Description: BACKGROUND AND AIMS: Water is often heterogeneously distributed in soils. Understanding roots’ responses to this soil-water heterogeneity is a key parameter defining plant survival in dry climates. To determine local root water uptake for partly dry conditions in a plant’s root system, we prepared soil patches with different water contents, then used neutron radiography to monitor daily changes in root structure and water uptake. METHODS: Lupin plants were grown in 30 × 25 × 1 cm³ aluminum containers filled with sandy soil. In two partitioning set-ups, the soil-root zone was divided into either two or nine hydraulically-isolated soil compartments. This was done by packing layers of coarse sand as capillary barriers, by which vertical and/or horizontal soil water heterogeneity as well as homogeneous well-watered treatments were applied for control. Daily changes in soil water content in each compartment, water uptake and root growth were monitored non-invasively and quantified by neutron radiography during a period of 15 consecutive days. RESULTS: In optimal homogeneously-wet soil, lateral roots in the top 10 cm of the root system showed the highest water uptake rate, up to around 10 mg/(mm. root. day), which on average was twice as much as that for younger lateral roots in lower position and taproot. In heterogeneous treatments, root water uptake declined strongly in compartments with the soil water content below 0.13–0.10 cm³/cm³ while in parallel an enhanced uptake rate, rising by up to 100 %, was observed for the roots in wet compartments, presumably to compensate for roots in dry compartments and, therefore, sustain the total transpiration. Also, our observations showed that in the drying compartment a reduction of soil water content to 0.10–0.15 triggered local cluster root formation. CONCLUSIONS: With the experimental set-up presented the pattern of water uptake across a lupin root system can be quantified and normalized to root length. Water uptake was shown to be highly variable in different parts of the root system. A threshold for water stress to cause cessation of local water uptake was identified, and the considerable amount of compensation by water uptake in other parts identified. The dynamic trade-off among different parts of the root system seems to regulate total root uptake also during water stress to sustain the daily transpirational demand. ; p. 273-287.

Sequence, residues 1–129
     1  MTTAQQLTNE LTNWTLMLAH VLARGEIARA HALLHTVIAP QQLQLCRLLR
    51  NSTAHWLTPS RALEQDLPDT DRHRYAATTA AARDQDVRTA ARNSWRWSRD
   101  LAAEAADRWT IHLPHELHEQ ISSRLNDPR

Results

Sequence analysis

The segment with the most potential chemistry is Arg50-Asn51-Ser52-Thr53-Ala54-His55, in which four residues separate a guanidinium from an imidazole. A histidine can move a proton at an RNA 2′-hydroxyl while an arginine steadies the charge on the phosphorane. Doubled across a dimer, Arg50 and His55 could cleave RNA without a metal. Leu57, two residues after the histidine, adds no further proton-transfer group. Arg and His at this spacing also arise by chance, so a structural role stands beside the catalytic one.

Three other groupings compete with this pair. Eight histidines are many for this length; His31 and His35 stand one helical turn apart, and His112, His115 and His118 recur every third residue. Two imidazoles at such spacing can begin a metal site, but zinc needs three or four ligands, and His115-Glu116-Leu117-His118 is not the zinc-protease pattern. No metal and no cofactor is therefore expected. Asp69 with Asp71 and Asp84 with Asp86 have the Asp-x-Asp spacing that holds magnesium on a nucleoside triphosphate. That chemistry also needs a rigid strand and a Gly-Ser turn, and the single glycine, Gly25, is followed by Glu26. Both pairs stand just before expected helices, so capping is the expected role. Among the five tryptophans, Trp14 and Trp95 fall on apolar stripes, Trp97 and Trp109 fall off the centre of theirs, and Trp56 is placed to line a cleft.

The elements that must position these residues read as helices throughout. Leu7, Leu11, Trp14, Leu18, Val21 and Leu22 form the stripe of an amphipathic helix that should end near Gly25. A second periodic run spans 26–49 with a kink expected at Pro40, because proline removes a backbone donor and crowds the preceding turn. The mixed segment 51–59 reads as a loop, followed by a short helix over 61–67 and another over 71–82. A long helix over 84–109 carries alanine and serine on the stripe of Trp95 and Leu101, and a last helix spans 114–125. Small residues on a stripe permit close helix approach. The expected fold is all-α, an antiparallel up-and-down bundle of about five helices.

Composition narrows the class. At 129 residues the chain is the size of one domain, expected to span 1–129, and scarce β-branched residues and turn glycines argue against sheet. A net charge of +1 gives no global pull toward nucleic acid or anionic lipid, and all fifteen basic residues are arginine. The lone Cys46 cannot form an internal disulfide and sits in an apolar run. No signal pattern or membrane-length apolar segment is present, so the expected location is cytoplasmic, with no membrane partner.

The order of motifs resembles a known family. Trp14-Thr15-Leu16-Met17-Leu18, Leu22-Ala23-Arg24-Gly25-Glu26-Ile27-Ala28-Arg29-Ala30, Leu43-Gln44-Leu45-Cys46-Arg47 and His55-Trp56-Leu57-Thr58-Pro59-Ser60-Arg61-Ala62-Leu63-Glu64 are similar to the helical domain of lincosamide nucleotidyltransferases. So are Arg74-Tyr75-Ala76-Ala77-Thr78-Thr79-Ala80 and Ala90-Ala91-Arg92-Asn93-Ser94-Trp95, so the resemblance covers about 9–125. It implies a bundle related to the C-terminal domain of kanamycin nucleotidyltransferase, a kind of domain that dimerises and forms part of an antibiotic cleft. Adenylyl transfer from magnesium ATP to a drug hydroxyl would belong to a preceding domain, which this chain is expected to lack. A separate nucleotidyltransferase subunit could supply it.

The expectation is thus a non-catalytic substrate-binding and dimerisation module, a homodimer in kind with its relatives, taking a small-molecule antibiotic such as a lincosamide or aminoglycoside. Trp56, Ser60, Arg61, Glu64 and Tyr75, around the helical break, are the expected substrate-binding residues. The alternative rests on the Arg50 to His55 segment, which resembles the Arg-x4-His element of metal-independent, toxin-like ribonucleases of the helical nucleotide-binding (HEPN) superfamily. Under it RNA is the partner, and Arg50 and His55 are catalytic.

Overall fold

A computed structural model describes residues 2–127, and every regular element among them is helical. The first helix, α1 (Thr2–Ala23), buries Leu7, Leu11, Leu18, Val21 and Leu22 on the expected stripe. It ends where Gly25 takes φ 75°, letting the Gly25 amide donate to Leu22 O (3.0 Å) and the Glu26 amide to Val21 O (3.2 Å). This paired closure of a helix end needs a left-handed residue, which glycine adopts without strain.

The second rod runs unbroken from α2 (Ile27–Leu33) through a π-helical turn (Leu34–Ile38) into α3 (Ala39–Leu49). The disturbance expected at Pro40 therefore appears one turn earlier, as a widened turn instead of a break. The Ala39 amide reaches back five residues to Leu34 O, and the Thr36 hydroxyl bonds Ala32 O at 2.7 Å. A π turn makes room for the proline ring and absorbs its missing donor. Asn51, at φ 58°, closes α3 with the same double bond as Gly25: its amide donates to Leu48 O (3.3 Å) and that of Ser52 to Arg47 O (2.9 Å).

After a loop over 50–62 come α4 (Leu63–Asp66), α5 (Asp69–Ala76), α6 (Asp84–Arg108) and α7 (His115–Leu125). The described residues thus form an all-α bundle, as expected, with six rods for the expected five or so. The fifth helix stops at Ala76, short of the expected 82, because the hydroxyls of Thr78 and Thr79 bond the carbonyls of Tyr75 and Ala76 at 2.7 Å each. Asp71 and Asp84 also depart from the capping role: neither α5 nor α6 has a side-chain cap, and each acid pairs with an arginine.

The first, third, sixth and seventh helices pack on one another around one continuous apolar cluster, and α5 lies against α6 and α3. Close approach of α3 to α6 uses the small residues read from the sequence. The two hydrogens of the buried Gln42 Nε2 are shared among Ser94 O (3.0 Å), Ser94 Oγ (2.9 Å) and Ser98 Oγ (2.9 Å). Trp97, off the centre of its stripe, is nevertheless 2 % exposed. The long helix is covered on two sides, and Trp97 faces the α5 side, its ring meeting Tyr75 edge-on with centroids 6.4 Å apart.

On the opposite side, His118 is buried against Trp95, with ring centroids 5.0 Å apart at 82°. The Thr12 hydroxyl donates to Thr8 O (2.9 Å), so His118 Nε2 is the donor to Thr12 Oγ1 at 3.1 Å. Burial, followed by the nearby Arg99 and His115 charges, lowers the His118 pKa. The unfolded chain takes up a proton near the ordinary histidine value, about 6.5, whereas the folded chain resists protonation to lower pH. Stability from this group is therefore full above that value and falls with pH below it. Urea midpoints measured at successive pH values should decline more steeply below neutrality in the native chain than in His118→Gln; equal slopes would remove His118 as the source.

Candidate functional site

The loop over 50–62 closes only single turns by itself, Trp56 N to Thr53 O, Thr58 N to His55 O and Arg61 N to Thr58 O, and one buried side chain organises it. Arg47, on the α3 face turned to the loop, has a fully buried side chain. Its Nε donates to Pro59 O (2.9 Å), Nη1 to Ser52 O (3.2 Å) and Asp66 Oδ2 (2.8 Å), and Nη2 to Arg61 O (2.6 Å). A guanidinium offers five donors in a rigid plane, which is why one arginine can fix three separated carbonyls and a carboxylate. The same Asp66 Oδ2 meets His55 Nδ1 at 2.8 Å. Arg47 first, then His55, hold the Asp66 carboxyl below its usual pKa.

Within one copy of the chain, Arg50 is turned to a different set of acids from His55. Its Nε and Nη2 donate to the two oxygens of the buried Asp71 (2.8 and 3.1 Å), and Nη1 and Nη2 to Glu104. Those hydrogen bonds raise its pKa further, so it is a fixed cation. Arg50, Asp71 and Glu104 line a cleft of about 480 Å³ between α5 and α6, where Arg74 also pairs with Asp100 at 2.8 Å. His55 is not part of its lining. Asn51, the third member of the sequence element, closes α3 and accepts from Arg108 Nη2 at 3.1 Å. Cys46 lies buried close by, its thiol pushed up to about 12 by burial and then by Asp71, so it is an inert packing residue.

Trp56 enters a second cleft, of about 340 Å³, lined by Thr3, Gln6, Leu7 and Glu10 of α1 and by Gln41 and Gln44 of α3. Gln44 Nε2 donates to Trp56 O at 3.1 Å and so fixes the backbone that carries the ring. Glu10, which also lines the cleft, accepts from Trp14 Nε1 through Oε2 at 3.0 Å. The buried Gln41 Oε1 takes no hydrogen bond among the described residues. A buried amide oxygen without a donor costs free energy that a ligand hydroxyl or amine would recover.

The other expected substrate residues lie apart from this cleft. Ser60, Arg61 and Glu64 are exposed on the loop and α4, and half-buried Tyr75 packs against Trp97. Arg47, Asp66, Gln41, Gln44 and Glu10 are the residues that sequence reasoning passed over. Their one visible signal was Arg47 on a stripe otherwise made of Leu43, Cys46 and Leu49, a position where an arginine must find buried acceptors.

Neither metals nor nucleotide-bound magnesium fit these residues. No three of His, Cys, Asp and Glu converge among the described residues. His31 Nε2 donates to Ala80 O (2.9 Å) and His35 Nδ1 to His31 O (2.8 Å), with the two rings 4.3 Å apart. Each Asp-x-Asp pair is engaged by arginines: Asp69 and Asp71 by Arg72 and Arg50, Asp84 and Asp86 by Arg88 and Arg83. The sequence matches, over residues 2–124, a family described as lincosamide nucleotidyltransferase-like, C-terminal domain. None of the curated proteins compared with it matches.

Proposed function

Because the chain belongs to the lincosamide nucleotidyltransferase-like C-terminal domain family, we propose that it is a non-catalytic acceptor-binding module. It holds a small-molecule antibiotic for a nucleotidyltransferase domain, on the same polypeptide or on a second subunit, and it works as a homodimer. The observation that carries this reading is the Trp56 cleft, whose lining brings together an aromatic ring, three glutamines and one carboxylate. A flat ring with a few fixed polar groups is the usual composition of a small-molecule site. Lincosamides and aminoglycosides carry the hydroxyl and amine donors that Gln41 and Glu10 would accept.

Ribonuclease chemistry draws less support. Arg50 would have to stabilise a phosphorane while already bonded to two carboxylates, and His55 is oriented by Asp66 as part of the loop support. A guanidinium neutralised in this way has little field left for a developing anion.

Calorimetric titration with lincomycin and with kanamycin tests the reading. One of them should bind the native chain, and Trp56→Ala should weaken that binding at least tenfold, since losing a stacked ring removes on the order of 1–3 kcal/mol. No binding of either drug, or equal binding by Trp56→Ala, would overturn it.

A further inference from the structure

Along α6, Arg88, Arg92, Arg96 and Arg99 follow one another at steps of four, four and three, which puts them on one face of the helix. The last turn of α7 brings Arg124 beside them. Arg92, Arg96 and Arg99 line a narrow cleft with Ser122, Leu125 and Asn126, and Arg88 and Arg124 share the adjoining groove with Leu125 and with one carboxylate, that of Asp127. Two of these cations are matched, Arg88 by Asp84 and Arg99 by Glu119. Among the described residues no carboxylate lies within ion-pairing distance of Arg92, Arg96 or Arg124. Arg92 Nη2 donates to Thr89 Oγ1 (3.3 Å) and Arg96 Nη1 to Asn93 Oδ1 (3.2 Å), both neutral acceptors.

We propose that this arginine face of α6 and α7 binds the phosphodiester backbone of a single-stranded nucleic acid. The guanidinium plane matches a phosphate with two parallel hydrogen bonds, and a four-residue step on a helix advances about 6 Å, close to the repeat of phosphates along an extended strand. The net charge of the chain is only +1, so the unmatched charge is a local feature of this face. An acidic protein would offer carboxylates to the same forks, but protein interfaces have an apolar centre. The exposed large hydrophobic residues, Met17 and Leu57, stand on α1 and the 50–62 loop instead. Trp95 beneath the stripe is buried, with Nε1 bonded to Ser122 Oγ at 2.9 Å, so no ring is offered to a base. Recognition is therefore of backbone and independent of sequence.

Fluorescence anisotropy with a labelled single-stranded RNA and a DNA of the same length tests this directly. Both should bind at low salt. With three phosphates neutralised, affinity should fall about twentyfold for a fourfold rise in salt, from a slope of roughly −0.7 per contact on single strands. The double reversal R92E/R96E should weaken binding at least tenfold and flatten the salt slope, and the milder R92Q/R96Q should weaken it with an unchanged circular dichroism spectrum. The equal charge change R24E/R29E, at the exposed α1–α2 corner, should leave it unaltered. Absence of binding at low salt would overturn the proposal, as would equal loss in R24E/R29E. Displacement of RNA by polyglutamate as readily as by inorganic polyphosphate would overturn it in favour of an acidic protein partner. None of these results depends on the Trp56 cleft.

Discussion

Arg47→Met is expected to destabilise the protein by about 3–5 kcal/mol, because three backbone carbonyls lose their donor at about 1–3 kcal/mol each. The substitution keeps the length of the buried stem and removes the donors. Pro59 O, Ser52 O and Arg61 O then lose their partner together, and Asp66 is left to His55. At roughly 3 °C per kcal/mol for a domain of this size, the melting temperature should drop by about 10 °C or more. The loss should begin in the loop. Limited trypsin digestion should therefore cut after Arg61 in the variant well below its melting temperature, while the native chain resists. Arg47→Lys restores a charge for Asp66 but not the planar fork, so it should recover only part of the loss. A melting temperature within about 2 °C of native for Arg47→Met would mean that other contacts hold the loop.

Keywords: Compensation ; Neutron radiography ; Partial root-zone drying ; Plant root ; Root length ; Soil water heterogeneity ; Water uptake
    ISSN: 0032-079X